Thursday, July 04, 2013

American Health Care costs more than its benefits justify!

Source: "OECD Health Data 2013: How Does the United States Compare"

The United States spends more of its GDP on health services than any other country. That is because we spend more per capita.
Most OECD countries have enjoyed large gains in life expectancy over the past decades. In the United States, life expectancy at birth increased by almost 9 years between 1960 and 2011, but this is less than the increase of over 15 years in Japan and over 11 years on average in OECD countries. As a result, while life expectancy in the United States used to be 1 ½ years above the OECD average in 1960, it is now, at 78.7 years in 2011, almost 1 ½ years below the average of 80.1 years. Switzerland, Japan, Italy and Spain are the OECD countries with the highest life expectancies, exceeding 82 years.
 Source: "American Way of Birth, Costliest in the World", By ELISABETH ROSENTHAL | Published: June 30, 201, The New York Times.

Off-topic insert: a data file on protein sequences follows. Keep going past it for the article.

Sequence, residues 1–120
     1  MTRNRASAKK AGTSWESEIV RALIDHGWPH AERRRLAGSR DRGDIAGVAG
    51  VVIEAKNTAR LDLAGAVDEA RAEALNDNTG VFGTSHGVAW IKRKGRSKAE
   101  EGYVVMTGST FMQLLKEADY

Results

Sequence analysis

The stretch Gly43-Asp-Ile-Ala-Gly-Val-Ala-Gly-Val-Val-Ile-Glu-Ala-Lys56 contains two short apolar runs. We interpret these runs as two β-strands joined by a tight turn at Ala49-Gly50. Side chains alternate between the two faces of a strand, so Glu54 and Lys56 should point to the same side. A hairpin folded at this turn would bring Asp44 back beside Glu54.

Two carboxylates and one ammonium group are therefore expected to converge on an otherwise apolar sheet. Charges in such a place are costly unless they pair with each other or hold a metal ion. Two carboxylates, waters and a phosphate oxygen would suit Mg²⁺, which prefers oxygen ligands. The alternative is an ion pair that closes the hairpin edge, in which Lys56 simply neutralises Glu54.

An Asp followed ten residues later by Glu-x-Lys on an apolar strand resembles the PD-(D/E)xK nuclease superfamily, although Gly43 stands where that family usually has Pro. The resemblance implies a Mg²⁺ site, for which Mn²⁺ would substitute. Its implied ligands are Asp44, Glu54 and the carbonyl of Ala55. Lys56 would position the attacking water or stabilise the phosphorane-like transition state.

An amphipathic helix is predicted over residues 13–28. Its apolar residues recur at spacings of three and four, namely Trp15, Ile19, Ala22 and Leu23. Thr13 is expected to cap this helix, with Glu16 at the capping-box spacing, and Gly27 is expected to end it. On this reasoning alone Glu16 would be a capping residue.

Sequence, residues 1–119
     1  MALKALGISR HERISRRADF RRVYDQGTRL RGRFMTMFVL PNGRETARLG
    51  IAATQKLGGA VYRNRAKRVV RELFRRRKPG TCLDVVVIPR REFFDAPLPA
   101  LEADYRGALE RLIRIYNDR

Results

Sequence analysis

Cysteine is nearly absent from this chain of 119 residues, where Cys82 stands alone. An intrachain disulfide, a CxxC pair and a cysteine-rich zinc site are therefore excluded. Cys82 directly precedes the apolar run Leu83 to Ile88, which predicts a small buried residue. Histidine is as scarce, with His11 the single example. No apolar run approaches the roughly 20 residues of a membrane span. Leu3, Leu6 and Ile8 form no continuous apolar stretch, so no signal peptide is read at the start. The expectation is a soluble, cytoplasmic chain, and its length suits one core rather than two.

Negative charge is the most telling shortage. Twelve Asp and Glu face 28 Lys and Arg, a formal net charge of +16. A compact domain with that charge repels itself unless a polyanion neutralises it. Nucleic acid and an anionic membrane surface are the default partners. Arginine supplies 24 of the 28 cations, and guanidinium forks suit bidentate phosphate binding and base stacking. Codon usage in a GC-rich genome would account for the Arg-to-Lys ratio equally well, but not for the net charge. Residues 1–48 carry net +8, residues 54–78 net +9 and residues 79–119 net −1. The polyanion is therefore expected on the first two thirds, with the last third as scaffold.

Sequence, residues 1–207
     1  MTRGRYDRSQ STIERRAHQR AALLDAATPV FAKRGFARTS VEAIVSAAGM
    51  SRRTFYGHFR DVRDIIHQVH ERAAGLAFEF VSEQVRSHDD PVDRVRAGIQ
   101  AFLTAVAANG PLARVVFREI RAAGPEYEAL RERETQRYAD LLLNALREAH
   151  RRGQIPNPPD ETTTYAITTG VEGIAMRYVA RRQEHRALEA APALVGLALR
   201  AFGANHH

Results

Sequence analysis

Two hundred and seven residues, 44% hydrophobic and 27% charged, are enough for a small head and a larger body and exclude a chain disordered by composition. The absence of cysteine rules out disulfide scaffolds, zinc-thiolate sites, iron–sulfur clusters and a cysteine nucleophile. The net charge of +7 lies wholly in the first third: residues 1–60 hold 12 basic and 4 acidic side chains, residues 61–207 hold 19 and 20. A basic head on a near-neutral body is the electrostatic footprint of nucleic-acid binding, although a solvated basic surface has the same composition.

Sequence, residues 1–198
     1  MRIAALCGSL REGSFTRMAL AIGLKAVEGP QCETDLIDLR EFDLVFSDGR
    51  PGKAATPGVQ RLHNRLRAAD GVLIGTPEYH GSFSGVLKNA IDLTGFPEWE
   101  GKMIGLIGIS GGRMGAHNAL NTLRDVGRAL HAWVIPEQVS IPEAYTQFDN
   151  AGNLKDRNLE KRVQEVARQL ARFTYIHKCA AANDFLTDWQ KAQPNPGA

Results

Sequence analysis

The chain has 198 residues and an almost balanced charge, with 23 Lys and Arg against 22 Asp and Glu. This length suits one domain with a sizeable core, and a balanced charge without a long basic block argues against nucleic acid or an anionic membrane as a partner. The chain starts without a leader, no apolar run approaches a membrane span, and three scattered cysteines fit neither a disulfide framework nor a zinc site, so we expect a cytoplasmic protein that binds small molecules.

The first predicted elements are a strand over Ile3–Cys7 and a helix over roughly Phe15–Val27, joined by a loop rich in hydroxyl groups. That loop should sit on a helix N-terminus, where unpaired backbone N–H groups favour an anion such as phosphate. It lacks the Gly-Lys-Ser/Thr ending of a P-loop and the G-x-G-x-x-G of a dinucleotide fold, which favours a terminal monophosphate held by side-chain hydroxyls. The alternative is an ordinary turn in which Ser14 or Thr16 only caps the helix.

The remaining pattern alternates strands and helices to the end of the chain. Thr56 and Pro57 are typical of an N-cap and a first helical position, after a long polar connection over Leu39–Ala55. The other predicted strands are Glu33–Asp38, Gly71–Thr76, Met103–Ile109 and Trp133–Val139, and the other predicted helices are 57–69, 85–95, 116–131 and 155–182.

Economists tell us that if the demand for services goes up and the supply doesn't keep up with the demand, prices go up. The demand for health services is largely determined by the physicians who prescribe them. Physician remuneration is in part determined by the inflation in health service costs. Patients depend on expert advice on their health service needs, and don't really understand the costs and benefits of alternatives.

We pay for health service either through insurance or through taxes, more than through fee for services. Much of the cost of health insurance is payed by employers, is partially tax financed, and is invisible to the person making the payment. Medicare and Medicaid similarly distance the payment decision from the services provided.

Lets hope Obamacare begins to make fundamental changes in the system to reduce the portion of GDP spent on health care or at least its rate of growth.

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